For what the lightkeeper might say or do, in the event of his secret being discovered, he did not care in the least. He was long past that point. And for the breaking of their solemn compact he did not care either. Seth might or might not have played the traitor; that, too, was a matter of no importance. Seth himself was of no importance; neither was he. There was but one important person in the whole world, and she was strolling along the bluff path at that moment. Therefore he left his seat on the bench, hurried down the slope to the inner end of the cove, noting absently that the tide of the previous night must have been unusually high, climbed to the bungalow, turned the corner, and walked slowly in the direction of the trim figure in the blue suit, which was walking, even more slowly, just ahead of him.

It may be gathered that John Brown's feelings concerning the opposite sex had changed. They had, and he had changed in other ways, also. How much of a change had taken place he did not himself realize, until this very afternoon. He did not realize it even then until, after he and the girl in blue had met, and the customary expressions of surprise at their casual meeting had been exchanged, the young lady seated herself on a dune overlooking the tumbling sea and observed thoughtfully:

"I shall miss all this"--with a wave of her hand toward the waves--"next week, when I am back again in the city."

Brown's cap was in his hand as she began to speak. After she had finished he stooped to pick up the cap, which had fallen to the ground.

"You are going away--next week?" he said slowly.

"We are going to-morrow. I shall remain in Boston for a few days. Then I shall visit a friend in the Berkshires. After that I may join my brother in Europe; I'm not sure as to that."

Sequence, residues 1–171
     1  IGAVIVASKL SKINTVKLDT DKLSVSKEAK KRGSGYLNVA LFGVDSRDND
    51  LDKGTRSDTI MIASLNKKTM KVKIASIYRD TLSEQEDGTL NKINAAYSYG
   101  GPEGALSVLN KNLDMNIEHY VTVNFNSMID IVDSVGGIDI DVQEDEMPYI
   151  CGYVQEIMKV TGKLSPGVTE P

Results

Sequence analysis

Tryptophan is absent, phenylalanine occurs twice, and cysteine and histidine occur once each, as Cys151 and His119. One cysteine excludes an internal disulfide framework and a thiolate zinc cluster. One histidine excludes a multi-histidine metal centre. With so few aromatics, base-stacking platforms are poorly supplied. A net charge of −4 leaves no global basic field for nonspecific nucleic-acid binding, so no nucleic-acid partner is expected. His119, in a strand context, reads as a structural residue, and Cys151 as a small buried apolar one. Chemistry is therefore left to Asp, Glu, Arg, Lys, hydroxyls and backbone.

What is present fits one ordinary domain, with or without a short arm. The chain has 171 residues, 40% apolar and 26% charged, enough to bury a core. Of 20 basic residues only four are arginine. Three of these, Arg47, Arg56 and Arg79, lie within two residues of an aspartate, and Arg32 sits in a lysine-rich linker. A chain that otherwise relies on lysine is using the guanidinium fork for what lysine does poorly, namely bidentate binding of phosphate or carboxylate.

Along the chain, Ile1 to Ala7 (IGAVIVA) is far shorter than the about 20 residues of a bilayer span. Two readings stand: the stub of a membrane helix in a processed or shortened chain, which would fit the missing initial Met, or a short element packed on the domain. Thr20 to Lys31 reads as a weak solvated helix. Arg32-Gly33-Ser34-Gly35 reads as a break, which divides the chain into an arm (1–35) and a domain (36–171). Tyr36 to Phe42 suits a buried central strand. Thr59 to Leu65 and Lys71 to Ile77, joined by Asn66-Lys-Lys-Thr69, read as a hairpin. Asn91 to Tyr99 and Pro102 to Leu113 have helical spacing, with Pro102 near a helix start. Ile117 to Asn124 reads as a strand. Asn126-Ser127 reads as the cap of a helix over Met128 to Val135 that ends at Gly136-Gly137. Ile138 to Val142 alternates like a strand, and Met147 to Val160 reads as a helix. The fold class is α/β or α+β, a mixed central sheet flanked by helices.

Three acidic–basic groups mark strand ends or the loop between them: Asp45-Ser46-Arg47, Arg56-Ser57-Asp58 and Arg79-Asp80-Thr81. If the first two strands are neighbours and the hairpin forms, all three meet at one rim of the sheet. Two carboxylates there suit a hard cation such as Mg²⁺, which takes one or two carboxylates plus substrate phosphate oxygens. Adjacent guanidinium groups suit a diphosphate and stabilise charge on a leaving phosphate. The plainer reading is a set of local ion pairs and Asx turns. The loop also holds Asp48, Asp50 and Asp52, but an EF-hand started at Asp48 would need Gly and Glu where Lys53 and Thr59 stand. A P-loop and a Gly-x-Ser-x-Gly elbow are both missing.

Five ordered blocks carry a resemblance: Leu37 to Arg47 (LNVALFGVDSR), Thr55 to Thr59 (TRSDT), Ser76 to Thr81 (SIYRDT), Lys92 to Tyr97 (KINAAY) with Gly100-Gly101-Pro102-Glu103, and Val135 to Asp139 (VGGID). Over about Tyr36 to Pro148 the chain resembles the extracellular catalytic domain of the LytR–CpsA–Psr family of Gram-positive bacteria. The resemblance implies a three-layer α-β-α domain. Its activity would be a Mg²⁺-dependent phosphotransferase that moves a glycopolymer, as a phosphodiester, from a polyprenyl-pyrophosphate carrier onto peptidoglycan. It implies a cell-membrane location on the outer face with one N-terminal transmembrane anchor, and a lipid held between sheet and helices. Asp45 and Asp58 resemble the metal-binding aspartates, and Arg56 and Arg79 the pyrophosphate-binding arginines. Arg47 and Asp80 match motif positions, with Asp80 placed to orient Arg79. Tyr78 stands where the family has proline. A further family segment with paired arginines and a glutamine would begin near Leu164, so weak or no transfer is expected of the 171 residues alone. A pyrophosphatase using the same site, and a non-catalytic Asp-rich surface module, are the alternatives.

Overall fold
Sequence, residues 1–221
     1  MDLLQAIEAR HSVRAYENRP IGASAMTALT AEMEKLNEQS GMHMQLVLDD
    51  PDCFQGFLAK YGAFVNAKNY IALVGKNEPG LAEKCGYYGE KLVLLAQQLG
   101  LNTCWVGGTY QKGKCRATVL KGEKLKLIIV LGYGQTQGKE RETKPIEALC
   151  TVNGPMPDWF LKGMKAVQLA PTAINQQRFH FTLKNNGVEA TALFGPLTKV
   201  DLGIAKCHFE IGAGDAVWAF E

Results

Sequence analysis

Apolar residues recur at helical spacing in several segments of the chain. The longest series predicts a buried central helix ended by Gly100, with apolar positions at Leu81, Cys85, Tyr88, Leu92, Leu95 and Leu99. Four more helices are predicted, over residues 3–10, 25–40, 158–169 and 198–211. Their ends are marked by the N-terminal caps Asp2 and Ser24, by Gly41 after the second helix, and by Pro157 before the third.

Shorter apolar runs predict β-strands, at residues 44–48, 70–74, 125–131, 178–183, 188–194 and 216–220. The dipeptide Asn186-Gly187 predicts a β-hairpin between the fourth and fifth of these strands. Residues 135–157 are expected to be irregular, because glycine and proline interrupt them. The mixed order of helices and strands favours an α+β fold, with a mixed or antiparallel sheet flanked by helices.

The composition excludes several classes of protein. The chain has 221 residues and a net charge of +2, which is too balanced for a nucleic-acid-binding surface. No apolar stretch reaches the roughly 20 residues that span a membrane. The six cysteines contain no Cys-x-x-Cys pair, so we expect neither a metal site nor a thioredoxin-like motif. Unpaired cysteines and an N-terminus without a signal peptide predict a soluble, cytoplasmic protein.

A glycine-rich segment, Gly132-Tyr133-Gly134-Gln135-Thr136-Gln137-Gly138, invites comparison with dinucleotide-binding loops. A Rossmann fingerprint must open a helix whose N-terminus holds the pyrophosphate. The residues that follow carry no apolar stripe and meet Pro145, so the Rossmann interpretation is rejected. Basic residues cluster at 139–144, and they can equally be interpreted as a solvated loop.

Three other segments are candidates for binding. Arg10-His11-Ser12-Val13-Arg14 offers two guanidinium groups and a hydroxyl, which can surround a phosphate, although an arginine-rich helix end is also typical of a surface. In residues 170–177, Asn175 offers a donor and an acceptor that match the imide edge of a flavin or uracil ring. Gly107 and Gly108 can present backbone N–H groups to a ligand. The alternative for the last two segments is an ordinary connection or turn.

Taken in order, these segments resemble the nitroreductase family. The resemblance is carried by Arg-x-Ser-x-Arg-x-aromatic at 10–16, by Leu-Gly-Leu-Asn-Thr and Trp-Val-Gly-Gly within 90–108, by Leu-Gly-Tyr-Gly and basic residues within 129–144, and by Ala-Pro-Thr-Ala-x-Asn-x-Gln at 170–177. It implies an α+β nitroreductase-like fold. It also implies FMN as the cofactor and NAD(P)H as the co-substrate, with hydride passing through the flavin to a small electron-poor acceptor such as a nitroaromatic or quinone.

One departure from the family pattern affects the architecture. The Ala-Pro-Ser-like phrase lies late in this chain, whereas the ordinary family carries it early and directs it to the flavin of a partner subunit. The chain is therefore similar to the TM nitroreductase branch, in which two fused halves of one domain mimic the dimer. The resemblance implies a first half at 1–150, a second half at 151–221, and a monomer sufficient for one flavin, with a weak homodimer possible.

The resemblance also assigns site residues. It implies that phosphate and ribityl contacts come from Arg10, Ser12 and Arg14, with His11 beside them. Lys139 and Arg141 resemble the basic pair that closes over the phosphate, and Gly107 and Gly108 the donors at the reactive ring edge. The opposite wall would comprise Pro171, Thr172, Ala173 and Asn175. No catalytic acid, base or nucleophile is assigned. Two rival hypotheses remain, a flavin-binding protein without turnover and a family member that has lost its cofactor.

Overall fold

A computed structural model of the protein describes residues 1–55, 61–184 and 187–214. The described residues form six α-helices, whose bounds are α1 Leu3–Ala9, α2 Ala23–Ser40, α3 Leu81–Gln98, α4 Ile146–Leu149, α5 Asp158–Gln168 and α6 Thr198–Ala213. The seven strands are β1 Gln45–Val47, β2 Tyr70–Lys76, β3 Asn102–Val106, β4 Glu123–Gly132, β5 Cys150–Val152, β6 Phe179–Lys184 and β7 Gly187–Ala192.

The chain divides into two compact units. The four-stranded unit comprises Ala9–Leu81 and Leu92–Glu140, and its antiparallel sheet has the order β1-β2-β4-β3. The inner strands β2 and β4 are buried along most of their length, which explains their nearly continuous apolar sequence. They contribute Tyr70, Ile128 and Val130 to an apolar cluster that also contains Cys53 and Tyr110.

"To-morrow?"

"Yes!"

There was another one of those embarrassing intervals of silence which of late seemed to occur so often in their conversation. Miss Graham, as usual, was the first to speak.

"Mr. Brown," she began. The substitute assistant interrupted her.

"Please don't call me that," he blurted involuntarily. "It--oh, confound it, it isn't my name!"

She should have been very much surprised. He expected her to be. Instead she answered quite calmly.

"I know it," she said.

"You DO?"

"Yes. You are 'Russ' Brooks, aren't you?"

Russell Brooks, alias John Brown, dropped his cap again, but did not pick it up. He swallowed hard.

"How on earth did you know that?" he asked as soon as he could say anything.

"Oh, it was simple enough. I didn't really know; I only guessed. You weren't a real lightkeeper, that was plain. And you weren't used to washing dishes or doing housework--that," with the irrepressible curl of the corners of her lips, "was just as plain. When you told me that fib about meeting my brother here last summer I was sure you had met him somewhere, probably at college. So in my next letter to him I described you as well as I could, mentioned that you were as good or a better swimmer than he, and asked for particulars. He answered that the only fellow he could think of who fitted your description was 'Russ' Brooks--Russell, I suppose--of New York; though what Russ Brooks was doing as lightkeeper's assistant at Eastboro Twin-Lights he DIDN'T know. Neither did I. But then, THAT was not my business."

The substitute assistant did not answer: he could not, on such short notice.

"So," continued the girl, "I felt almost as if I had known you for a long time. You and Horace were such good friends at college, and he had often told me of you. I was very glad to meet you in real life, especially here, where I had no one but Mrs. Bascom to talk to; Mr. Atkins, by reason of his aversion to my unfortunate sex, being barred."

Mr. Brown's--or Mr. Brooks'--next speech harked back to her previous one.

"I'll tell you while I'm here," he began.

"You needn't, unless you wish," she said. "I have no right to know"--adding, with characteristic femininity, "though I'm dying to."

"But I want you to know. As I told Atkins when I first came, I haven't murdered anyone and I haven't stolen anything. I'm not a crook running from justice. I'm just a plain idiot who fell overboard from a steamer and"--bitterly--"hadn't the good luck to drown."

She made no comment, and he began his story, telling it much as he had told it to the lightkeeper.

"There!" he said in conclusion, "that's the whole fool business. That's why I'm here. No need to ask what you think of it, I suppose."